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Webpages tagged with «UMB»

Published Feb. 6, 2013 3:46 PM

Competition is an important factor shaping plant communities, but plants also help, or facilitate, each other. Facilitation is especially important in areas with high levels of abiotic stress, for instance in alpine areas. Nitrogen fixing legumes are potentially important facilitators, as nitrogen is the limiting factor for plant growth in most ecosystems. Alpine soils generally have low nitrogen levels, and additional nitrogen from legumes could affect growth of alpine plants. In my master thesis I study the effect of two alpine legumes, Astragalus alpinus and Oxytropis lapponica, on the establishment, growth and reproduction of the alpine herb Thalictrum alpinum and how the presence of legumes affect species diversity along a gradient of abiotic stress at Sanddalsnuten, Finse.

 

Published Feb. 6, 2013 3:39 PM

Who are the pioneers on a fresh moraine? Predators like certain carabid beetles, spiders and Opiliones are present almost immediately, before any vegetation occurs. It is a paradox that predators are first. May be they eat springtails, which are also pioneers. Among plants, small moss colonies are typical pioneers.

Published Feb. 6, 2013 3:28 PM

Plant reproductive success is depending on temperature and climate during growth season, pollinator availibility and visitation rate, and interactions among plants, e.g. competition for resources and facilitated pollinator attraction. Plants in alpine regions face even larger climatic constraints and may also suffer from pollination limitation because of decrease in available pollinators with altitude. By including abiotic conditions, mutualistic interactions (pollination) and population qualities in elevational gradient consisting of 21 populations of the obligate out-crossing, lateflowering species Leontodon autumnalis var. taraxaci (Mountain Hawkweed) I wish to find out which predictors explain the observed variance in reproductive success. The fieldwork was performed at southfacing slopes of Sandalsnut and Kvanjolnut, Finse, Ulvik municipality – Norway.

 

Published Feb. 6, 2013 2:19 PM

A climate change experiment with open top chambers (OTCs) was established in the Dryas octopetala heath on Sanddalsnuten in 2000. Combined warming and nutrient addition has increased productivity and grass dominance at the cost of mosses, lichens, and small herbs, resulting in decreased diversity. In a seed sowing experiment we examined the relative role of dispersal and local interactions for alpine plant community diversity under climate warming. The long term effects of warming and local interactions on species recruitment and community dynamics will be examined in the coming years. This project is part of the International Tundra Experiment (ITEX).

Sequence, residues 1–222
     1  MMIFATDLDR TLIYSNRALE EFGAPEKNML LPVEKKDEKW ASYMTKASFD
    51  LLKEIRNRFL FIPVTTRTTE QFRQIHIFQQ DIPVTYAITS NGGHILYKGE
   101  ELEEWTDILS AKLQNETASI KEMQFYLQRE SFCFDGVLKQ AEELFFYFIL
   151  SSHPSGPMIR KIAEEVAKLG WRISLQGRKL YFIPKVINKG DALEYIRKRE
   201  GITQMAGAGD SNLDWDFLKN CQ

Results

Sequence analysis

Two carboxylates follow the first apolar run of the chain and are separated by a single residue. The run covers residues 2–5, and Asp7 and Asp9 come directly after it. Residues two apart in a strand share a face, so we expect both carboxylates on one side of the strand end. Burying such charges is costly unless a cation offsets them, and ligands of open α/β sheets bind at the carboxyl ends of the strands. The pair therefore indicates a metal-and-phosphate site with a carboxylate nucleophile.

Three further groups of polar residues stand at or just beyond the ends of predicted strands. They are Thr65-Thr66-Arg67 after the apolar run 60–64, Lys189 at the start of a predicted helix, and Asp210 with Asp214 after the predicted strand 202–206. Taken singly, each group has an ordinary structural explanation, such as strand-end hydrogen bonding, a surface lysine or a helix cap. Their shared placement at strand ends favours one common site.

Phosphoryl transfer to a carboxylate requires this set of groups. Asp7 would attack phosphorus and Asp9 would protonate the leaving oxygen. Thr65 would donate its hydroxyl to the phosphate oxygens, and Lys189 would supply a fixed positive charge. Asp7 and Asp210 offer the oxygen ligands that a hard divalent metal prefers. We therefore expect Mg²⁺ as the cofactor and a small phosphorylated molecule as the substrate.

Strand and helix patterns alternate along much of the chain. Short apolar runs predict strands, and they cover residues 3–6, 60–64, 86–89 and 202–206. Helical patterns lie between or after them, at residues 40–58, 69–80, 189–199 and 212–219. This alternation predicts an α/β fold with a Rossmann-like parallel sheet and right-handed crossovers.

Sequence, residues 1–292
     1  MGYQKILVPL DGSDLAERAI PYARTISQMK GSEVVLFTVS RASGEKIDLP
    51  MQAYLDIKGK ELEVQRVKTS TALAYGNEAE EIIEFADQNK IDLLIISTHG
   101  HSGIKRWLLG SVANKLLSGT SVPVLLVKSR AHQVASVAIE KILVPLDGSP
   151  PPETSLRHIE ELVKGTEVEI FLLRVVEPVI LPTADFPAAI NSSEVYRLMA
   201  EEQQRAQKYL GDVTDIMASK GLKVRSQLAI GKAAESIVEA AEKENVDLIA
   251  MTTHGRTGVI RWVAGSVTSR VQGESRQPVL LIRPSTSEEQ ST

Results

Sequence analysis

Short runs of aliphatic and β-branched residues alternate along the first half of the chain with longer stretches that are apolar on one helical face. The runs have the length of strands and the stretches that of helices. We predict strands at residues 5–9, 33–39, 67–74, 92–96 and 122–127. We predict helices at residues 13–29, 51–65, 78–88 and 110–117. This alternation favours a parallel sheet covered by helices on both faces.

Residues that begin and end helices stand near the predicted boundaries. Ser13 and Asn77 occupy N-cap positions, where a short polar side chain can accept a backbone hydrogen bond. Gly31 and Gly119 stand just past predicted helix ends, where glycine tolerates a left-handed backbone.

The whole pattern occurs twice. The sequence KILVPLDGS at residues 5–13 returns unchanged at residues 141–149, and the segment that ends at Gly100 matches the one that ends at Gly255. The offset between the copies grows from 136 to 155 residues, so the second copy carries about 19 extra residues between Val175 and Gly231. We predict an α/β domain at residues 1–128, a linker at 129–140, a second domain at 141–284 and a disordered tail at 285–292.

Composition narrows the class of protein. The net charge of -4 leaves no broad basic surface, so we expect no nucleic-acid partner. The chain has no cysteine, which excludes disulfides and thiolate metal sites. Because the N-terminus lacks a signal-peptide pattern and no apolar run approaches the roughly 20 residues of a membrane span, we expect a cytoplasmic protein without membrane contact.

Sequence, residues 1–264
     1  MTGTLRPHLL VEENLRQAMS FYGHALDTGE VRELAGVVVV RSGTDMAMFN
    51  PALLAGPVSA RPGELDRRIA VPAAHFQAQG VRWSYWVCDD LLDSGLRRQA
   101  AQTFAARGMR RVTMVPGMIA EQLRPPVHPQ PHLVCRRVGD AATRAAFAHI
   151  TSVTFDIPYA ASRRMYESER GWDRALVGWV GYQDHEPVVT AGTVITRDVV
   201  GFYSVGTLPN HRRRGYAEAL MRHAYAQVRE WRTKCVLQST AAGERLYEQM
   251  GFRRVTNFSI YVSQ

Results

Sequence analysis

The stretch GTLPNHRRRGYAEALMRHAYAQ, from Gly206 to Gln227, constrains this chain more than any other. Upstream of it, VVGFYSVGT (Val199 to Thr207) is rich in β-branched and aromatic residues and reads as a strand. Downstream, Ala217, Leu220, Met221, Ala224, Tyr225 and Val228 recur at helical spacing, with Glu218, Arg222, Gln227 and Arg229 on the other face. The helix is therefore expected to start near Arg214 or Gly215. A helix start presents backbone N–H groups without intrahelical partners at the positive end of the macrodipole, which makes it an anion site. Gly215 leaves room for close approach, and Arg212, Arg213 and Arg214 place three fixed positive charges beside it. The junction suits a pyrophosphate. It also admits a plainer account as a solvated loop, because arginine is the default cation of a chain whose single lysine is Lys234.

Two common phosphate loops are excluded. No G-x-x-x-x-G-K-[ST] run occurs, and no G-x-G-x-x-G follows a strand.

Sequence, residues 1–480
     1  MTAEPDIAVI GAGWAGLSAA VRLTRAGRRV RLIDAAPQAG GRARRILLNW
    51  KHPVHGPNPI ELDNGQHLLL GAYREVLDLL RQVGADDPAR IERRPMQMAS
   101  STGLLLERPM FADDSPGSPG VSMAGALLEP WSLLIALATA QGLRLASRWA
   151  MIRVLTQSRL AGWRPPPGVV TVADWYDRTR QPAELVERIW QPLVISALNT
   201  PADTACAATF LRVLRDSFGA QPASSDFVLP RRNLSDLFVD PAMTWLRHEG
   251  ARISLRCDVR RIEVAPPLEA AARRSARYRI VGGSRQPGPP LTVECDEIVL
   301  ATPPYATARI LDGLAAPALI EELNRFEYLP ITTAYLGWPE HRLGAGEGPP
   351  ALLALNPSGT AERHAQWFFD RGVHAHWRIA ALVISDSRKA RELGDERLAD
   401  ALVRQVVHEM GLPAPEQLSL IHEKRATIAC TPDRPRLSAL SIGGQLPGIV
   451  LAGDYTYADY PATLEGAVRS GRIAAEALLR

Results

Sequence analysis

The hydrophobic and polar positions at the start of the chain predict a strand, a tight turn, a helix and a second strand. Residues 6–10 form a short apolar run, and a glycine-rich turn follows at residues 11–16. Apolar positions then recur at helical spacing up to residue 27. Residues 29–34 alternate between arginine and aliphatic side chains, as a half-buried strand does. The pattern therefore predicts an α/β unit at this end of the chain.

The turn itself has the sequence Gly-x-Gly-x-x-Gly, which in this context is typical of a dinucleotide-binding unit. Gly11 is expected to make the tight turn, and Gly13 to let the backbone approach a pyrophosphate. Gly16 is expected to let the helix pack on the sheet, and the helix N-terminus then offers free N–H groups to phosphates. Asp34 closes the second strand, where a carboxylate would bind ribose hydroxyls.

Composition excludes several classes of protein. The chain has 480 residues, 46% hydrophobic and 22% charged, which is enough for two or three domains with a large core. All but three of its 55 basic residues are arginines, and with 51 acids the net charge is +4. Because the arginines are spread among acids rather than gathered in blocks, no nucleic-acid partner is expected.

Published Feb. 4, 2013 12:31 PM

A climate change experiment with open top chambers (OTCs) was established in the Dryas octopetala heath on Sanddalsnuten in 2000. Combined warming and nutrient addition has increased productivity and grass dominance at the cost of mosses, lichens, and small herbs, resulting in decreased diversity. In a seed sowing experiment we examined the relative role of dispersal and local interactions for alpine plant community diversity under climate warming. The long term effects of warming and local interactions on species recruitment and community dynamics will be examined in the coming years. This project is part of the International Tundra Experiment (ITEX).

Published Feb. 4, 2013 12:31 PM

Competition is an important factor shaping plant communities, but plants also help, or facilitate, each other. Facilitation is especially important in areas with high levels of abiotic stress, for instance in alpine areas. Nitrogen fixing legumes are potentially important facilitators, as nitrogen is the limiting factor for plant growth in most ecosystems. Alpine soils generally have low nitrogen levels, and additional nitrogen from legumes could affect growth of alpine plants. In my master thesis I study the effect of two alpine legumes, Astragalus alpinus and Oxytropis lapponica , on the establishment, growth and reproduction of the alpine herb Thalictrum alpinum and how the presence of legumes affect species diversity along a gradient of abiotic stress at Sanddalsnuten, Finse.

Published Feb. 4, 2013 12:31 PM

Who are the pioneers on a fresh moraine? Predators like certain carabid beetles, spiders and Opiliones are present almost immediately, before any vegetation occurs. It is a paradox that predators are first. May be they eat springtails, which are also pioneers. Among plants, small moss colonies are typical pioneers.

Published Feb. 4, 2013 12:31 PM

Plant reproductive success is depending on temperature and climate during growth season, pollinator availibility and visitation rate, and interactions among plants, e.g. competition for resources and facilitated pollinator attraction. Plants in alpine regions face even larger climatic constraints and may also suffer from pollination limitation because of decrease in available pollinators with altitude. By including abiotic conditions, mutualistic interactions (pollination) and population qualities in elevational gradient consisting of 21 populations of the obligate out-crossing, lateflowering species Leontodon autumnalis var. taraxaci (Mountain Hawkweed) I wish to find out which predictors explain the observed variance in reproductive success. The fieldwork was performed at southfacing slopes of Sandalsnut and Kvanjolnut, Finse, Ulvik municipality – Norway.